So any kind of syringing has always been…interesting.  What usually happened when something like this:  Halter pony.  Stand in the middle of the stall.  Hold leaprope in right hand.  Hold syringe in left hand.  Pony would catch sight of syringe and start wildly flipping her head up and down.  Grab halter for greater control.  Head still flips up and down.  Wrench head around and attempt to jam syringe between clamped lips.  Miss.  Repeat previous three steps.  Maybe get syringe between lips, if lucky.  Otherwise, get on tongue, then squirt half thfe contents out in overeager anticipation.  Pony spits out anything on her tongue.  Refill syringe.  Repeat steps, this time jamming in the back of the throat, wondering the entire while if you’re going to choke the pony or send the stuff into her lungs.  Get the residue of whatever didn’t get all the way in the back of her mouth spit all over you in distain.  Unhalter furious pony, who then retreats to the back of her stall, or even better, the pasture, and then refuses to speak to me for the rest of the day.

Needless to say, this wasn’t exactly an ideal situation for trying to do any kind of e’lyte syringing.  I’d tried all the tricks…syringe filled with applesauce, then syringe with nasty stuff, followed by a yummy applesauce…nope.  She got to the poiunt where she could smell the plain applesauce, and she’d happily take that, but as soon as I’d give her a different one, she’s spazz again.  Syringe dipped in molasses?  No go.  Molasses and e’lytes mixed?  A little better. 

What about just mixing it in her food?  Well…Dad is fortunate in that Beamer seems to do quite well with minimal e’lyting, and he happily munches them down mixed into any of his sloppy goodie mixes. I’m not so lucky. Mimi’s a fussy princess when it comes to salty things, and flat-out refuses her food if there’s a hint of electrolytes in it.

Until recently.

I made a new discovery for an electrolyte buffer. I’ve been using a sugar substitute, blue agave syrup, in my coffee and tea, and recently discovered that it is low-glycemic, horse-safe, and actually used in a couple different kinds of horse treats. Mimi, being a pony, is already predisposed to being more sensitive to sugar, and is on a pretty strict, low-sugar diet (no cereal grains, no molasses, limited carrots), so I’ve always been somewhat leery of having to use a high-sugar base such as molasses to mix electrolytes for her. She never seemed particularly fond of it, either…hence the both of us ending up sticky, between her head-flipping syringe avoidance tactics, and then spitting out half of whatever did end up in her mouth.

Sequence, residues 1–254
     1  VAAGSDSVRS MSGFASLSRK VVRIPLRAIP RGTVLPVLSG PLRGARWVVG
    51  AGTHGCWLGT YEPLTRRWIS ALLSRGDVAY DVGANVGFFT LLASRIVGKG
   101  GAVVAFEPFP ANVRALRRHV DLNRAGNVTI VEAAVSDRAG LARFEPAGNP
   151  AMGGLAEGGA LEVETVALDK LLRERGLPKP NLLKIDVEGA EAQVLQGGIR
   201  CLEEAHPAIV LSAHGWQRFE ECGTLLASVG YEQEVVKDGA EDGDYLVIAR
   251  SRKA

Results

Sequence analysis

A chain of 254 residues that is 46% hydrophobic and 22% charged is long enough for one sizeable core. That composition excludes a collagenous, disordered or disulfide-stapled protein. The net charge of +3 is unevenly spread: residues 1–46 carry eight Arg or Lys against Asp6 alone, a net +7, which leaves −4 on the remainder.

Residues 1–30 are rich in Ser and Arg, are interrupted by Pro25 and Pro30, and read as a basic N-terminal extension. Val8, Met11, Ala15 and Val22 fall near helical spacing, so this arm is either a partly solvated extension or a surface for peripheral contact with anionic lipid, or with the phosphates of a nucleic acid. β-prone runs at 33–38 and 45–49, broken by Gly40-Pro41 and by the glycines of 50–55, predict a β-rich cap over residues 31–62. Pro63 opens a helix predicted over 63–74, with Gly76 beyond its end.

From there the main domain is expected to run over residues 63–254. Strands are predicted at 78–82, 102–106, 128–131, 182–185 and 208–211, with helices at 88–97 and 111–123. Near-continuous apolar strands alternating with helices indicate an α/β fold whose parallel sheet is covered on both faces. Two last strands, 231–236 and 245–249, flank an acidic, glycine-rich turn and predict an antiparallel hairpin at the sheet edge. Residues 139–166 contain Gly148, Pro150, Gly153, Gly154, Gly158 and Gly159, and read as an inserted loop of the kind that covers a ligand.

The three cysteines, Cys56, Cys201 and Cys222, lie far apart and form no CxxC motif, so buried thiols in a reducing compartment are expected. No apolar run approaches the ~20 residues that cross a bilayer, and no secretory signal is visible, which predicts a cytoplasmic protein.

Enter blue agave syrup. She loves it. She actually reaches for the syringe now.  She had gotten to the point that she didn’t want to eat any of her sloppy goodie mixes because she was suspicious they might contain e’lytes.  So she wasn’t getting e’lytes and she wasn’t getting her moist food, post-training rides.  Something has to be done.

It’s now been a month, and I’ve been mixing her electrolytes in a syringe with blue agave syrup and water.  After we get back from our rides, while I’m untacking, she stands in front of her hay bag and eats.  By the time I’m done, she’s had about 15 minutes to munch and drink, thus providing a good base of food in her stomach.  I then give her the e’lyte mix via syringe…which she happily reaches for, and then she gets her pan of electrolyte-free goodies — beet pulp, flax, and probiotic.

Something else that I’ve discovered works — I’ve switched sides.  I now stand on her right side.  She seems more comfortable with that, as I think standing on the left side sends her brain back into vapor-lock and unpleasant flashbacks of forced syringing.  Unconventional, but at this point, I’ll do whatever it takes to get her to take her e’lytes and eat her goodies.  I’ve always said she’s a princess, and I don’t mind catering to her whims.

For those curious: I use Perfect Balance electrolyte powder, one scoop in a 2 oz. syringe, about half an ounce agave syrup, and the rest with water, just over an ounce.  Mix it up, store it in the syringe.  You can mix it in a larger batch, like for multiple e’lyting along the trail at a ride (at which point, I use half the e’lytes and half the agave), but if you do that, mix the e’lytes and water in a sealable water and shake very well to dissolve.  The e’lytes take a while to dissolve.  Then add the agave to that mix, and shake to dissolve.  If you have a way to slightly warm the water, that works even better to dissolve everything.

For every endurance rider you ask, you’re likely to get a different answer for e’lyting protocol, and favorite brands, and favorite buffer.  This is jsut the bare bones of something I’ve found that works for me and the pony, and only the tip of what I would consider to be my full e’lyting protocol, and it’s likely I’ll do a post in the future about that very subject.